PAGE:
In this post-9/11 world, the United States has a special responsibility to ensure that those coming to this country are not doing so to inflict harm.
The bishops believe that if comprehensive reforms were made to our nation's immigration laws, including greater legal avenues to obtain employment and to reunify with relatives here, there would be fewer people crossing the border illegally or overstaying their temporary visas.
This, in turn, would allow border security resources to be applied more strategically toward preventing the entry of terrorists, drug smugglers and criminals.
What, then, to do about those here without proper authority? Since it is unrealistic to round them up and deport them -- the costs and economic impact rule out this option -- the government must find a way to bring these folks out of the shadows and put them on a path toward full participation in our society.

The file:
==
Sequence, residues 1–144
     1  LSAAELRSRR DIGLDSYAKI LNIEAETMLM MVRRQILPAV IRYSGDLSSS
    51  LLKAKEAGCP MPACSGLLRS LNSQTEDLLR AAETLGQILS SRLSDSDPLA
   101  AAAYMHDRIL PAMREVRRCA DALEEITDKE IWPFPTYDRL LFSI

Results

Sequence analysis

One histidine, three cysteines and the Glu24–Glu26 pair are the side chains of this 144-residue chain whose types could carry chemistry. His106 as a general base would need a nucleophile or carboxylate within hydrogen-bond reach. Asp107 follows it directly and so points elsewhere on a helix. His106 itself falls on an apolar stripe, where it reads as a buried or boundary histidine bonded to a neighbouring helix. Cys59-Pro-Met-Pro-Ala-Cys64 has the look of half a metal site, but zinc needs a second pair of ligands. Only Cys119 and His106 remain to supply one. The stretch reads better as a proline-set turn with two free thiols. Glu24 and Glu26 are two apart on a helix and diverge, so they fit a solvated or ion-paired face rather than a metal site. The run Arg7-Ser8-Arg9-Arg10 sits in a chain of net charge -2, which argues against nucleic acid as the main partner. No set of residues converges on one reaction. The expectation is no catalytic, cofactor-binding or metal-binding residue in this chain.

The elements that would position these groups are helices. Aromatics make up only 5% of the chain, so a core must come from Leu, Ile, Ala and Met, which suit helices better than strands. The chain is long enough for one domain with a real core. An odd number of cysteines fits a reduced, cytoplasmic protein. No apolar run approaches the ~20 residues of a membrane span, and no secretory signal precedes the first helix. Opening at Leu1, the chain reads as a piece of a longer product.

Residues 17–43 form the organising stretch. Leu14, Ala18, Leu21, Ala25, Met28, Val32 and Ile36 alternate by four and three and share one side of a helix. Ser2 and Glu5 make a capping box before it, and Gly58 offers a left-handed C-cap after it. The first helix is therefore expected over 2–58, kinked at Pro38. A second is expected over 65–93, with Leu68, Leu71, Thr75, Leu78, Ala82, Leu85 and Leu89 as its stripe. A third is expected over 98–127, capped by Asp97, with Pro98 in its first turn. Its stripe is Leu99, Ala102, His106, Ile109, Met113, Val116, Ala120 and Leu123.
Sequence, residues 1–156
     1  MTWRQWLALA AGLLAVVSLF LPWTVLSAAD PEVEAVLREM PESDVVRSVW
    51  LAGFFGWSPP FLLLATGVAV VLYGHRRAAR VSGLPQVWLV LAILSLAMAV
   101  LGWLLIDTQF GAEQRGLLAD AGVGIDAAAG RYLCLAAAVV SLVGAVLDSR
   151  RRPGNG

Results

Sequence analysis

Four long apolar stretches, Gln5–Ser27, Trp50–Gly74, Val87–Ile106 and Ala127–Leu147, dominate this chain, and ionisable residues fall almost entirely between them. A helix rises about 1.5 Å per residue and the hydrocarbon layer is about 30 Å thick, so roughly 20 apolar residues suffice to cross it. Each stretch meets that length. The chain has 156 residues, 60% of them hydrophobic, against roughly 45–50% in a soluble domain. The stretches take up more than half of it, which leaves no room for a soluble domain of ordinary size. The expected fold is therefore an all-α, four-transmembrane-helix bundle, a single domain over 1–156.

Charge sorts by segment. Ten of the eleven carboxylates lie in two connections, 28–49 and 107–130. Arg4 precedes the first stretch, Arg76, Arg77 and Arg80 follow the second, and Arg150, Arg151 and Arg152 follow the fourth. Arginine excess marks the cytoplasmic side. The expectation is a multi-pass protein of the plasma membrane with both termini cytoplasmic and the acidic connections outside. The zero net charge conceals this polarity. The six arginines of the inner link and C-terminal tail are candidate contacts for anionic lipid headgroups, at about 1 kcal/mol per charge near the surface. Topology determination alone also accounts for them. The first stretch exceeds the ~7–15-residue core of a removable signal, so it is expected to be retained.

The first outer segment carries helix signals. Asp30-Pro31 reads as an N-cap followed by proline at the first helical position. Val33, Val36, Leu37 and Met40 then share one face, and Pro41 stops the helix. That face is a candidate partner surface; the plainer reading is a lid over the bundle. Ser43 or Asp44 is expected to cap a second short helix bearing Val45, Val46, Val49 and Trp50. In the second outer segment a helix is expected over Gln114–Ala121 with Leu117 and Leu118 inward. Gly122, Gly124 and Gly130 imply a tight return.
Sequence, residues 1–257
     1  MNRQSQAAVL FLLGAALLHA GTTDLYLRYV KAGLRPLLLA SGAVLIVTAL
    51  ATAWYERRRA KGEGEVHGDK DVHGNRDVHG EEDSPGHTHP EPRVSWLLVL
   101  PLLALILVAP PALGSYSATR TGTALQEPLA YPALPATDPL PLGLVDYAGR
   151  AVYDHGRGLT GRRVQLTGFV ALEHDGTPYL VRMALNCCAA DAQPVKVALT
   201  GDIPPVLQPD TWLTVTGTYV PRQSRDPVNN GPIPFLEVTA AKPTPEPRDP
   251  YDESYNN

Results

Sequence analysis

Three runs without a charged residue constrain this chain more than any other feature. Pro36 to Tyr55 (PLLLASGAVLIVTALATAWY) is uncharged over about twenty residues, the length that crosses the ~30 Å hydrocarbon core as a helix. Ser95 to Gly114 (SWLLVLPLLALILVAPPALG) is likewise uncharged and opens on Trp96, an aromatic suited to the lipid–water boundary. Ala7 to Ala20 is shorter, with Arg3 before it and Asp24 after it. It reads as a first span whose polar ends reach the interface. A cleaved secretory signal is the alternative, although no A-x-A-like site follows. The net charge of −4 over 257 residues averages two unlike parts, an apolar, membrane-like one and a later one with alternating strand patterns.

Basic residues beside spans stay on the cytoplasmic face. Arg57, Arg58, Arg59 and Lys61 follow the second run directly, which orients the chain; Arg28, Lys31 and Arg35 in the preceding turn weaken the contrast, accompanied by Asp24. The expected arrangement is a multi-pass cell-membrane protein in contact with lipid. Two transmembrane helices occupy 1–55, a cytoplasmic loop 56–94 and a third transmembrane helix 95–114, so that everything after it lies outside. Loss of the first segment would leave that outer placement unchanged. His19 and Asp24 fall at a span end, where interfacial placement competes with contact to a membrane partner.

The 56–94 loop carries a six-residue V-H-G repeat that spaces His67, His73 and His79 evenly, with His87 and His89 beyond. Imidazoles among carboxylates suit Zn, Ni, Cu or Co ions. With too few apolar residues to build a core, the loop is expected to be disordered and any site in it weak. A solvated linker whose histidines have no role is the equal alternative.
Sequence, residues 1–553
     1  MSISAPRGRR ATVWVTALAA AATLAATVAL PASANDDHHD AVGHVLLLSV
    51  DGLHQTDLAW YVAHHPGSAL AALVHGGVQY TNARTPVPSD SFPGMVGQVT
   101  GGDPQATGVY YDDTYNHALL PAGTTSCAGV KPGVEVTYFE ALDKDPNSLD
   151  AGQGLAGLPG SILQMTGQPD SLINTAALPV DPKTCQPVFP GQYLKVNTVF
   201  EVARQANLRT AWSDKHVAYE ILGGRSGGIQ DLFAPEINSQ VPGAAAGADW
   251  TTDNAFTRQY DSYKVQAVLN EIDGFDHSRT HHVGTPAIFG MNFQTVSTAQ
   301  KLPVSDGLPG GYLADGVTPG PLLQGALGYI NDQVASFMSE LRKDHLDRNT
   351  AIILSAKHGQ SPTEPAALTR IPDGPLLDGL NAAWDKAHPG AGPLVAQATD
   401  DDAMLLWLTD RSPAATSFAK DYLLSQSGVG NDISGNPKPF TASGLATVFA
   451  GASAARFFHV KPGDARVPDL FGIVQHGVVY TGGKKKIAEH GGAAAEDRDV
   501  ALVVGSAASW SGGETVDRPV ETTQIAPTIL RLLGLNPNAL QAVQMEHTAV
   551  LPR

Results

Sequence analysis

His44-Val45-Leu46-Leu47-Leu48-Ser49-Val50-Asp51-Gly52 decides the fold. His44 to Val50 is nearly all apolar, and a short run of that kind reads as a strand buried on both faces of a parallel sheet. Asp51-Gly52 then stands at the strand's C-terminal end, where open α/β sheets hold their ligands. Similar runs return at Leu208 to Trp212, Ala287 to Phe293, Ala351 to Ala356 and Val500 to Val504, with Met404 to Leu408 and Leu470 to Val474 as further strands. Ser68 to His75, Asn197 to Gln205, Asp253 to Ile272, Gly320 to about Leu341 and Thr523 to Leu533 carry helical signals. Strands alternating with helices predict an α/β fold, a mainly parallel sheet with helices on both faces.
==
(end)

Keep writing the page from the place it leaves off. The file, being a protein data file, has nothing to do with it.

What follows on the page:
After all, the vast majority of these people has been in the United States for a period of time and has been contributing their labor and taxes.
Q: Why are U.S. lawmakers putting so much focus on immigration now? What are the key issues?
Bishop Barnes: There is growing concern over the seemingly porous borders, especially at this time of heightened security concerns over terrorism.
Americans are also frustrated over the fact that unauthorized entries have doubled during a period in which the government's investment in border enforcement has grown tenfold.
We also see record numbers of deaths of migrants in our Southwestern deserts. These things, taken together, lead to the conclusion many Americans come to: that our immigration system is out of control and badly in need of repair.
Some in Congress, however, believe the "fix" is through further border enforcement investments in the form of personnel, technology and fences, combined with more aggressive enforcement measures directed toward employers who hire undocumented aliens.
The bishops believe this approach, in the absence of other reforms, is doomed to fail.
To truly address the complex set of issues that is involved in immigration -- from the reasons people migrate, to how our nation meets its labor demands -- only a comprehensive approach will work.
From the bishops' perspective this means doing the following.
First, through U.S. foreign relations, trade and economic policies, we must encourage and support the creation of conditions that preclude the necessity for people to migrate for lack of opportunities in their homeland.